Efficacy of Biocides Used in the Modern Food Industry To Control Salmonella enterica, and Links between Biocide Tolerance and Resistance to Clinically Relevant Antimicrobial Compounds

Orla Condell, Carol Iversen, Shane Cooney, Karen A. Power, Ciara Walsh, Catherine Burgess, Seamus Fanning*

*Corresponding author for this work

Research output: Contribution to journalArticlepeer-review

104 Citations (Scopus)

Abstract

Biocides play an essential role in limiting the spread of infectious disease. The food industry is dependent on these agents, and their increasing use is a matter for concern. Specifically, the emergence of bacteria demonstrating increased tolerance to biocides, coupled with the potential for the development of a phenotype of cross-resistance to clinically important antimicrobial compounds, needs to be assessed. In this study, we investigated the tolerance of a collection of susceptible and multidrug-resistant (MDR) Salmonella enterica strains to a panel of seven commercially available food-grade biocide formulations. We explored their abilities to adapt to these formulations and their active biocidal agents, i.e., triclosan, chlorhexidine, hydrogen peroxide, and benzalkonium chloride, after sequential rounds of in vitro selection. Finally, cross-tolerance of different categories of biocidal formulations, their active agents, and the potential for coselection of resistance to clinically important antibiotics were investigated. Six of seven food-grade biocide formulations were bactericidal at their recommended working concentrations. All showed a reduced activity against both surface-dried and biofilm cultures. A stable phenotype of tolerance to biocide formulations could not be selected. Upon exposure of Salmonella strains to an active biocidal compound, a high-level of tolerance was selected for a number of Salmonella serotypes. No cross-tolerance to the different biocidal agents or food-grade biocide formulations was observed. Most tolerant isolates displayed changes in their patterns of susceptibility to antimicrobial compounds. Food industry biocides are effective against planktonic Salmonella. When exposed to sublethal concentrations of individual active biocidal agents, tolerant isolates may emerge. This emergence was associated with changes in antimicrobial susceptibilities.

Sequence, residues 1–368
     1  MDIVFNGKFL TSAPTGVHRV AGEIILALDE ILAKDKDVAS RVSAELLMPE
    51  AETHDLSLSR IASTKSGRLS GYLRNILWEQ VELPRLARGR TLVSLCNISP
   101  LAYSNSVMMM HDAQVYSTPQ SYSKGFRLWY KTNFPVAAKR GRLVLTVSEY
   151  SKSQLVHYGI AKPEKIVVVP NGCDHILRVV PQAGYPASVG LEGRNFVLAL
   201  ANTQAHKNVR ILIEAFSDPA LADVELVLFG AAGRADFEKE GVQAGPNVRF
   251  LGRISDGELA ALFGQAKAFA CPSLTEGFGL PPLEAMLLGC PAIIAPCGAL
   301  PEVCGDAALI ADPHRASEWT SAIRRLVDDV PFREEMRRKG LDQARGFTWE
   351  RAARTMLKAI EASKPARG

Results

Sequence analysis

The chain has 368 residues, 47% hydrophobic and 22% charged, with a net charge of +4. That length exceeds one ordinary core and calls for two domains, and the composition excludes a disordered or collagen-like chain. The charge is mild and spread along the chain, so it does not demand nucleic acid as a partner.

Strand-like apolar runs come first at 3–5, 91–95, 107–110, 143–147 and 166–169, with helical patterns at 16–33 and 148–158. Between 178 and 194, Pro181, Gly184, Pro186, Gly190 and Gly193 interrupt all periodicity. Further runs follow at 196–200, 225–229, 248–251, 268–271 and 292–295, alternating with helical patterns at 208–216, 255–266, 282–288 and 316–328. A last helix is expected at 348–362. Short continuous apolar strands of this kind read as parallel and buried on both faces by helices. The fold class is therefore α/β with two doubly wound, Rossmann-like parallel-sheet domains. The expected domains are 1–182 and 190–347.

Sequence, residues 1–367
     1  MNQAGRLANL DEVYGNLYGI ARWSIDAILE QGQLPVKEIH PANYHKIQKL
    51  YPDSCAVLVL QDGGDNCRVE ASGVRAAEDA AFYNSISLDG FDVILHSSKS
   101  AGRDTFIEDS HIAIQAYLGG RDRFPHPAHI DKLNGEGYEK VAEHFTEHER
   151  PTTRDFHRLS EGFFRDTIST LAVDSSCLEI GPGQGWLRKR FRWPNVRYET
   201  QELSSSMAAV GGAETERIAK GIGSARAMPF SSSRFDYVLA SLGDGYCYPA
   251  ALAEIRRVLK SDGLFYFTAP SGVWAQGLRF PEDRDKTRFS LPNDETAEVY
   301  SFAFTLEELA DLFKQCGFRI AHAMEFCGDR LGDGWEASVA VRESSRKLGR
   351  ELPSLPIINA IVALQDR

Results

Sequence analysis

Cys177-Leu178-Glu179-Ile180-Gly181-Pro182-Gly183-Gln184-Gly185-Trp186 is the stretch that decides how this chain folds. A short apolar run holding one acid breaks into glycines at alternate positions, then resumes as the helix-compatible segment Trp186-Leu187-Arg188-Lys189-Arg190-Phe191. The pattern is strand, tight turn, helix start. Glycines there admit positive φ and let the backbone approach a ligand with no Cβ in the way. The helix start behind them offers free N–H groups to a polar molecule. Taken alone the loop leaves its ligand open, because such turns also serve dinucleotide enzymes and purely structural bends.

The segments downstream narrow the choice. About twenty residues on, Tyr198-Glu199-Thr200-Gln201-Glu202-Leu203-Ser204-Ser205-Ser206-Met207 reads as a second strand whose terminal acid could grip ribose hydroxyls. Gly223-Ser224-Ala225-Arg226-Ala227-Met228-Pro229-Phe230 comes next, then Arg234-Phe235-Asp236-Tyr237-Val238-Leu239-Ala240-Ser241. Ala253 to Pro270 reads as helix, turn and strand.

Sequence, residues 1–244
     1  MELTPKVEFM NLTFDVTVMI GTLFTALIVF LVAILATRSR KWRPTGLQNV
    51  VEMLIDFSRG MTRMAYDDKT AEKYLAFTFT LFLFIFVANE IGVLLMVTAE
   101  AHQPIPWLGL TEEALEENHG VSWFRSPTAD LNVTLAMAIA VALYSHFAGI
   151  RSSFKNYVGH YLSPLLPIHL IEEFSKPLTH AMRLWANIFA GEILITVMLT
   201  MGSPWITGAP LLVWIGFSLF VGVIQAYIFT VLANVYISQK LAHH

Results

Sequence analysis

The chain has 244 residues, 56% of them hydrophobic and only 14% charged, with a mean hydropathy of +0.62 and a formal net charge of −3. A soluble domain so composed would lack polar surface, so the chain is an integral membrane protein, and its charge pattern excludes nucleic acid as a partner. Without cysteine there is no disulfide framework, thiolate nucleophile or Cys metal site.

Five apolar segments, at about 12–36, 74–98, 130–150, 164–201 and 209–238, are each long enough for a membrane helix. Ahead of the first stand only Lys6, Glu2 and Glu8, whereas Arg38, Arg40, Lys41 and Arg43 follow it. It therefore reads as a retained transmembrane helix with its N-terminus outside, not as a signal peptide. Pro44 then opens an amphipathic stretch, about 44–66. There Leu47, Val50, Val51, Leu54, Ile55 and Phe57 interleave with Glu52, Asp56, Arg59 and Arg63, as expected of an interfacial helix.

Original languageEnglish
Pages (from-to)3087-3097
Number of pages11
JournalApplied and Environmental Microbiology
Volume78
Issue number9
DOIs
Publication statusPublished - May 2012

Keywords

  • ESCHERICHIA-COLI
  • MULTIDRUG EFFLUX PUMPS
  • PERSISTENCE
  • GRAM-NEGATIVE BACTERIA
  • TRICLOSAN
  • SEROVAR TYPHIMURIUM
  • DISINFECTANTS
  • PREVALENCE
  • FEED FACTORIES
  • ANTIBIOTIC-RESISTANCE

ASJC Scopus subject areas

  • Applied Microbiology and Biotechnology
  • Food Science
  • Biotechnology
  • Ecology

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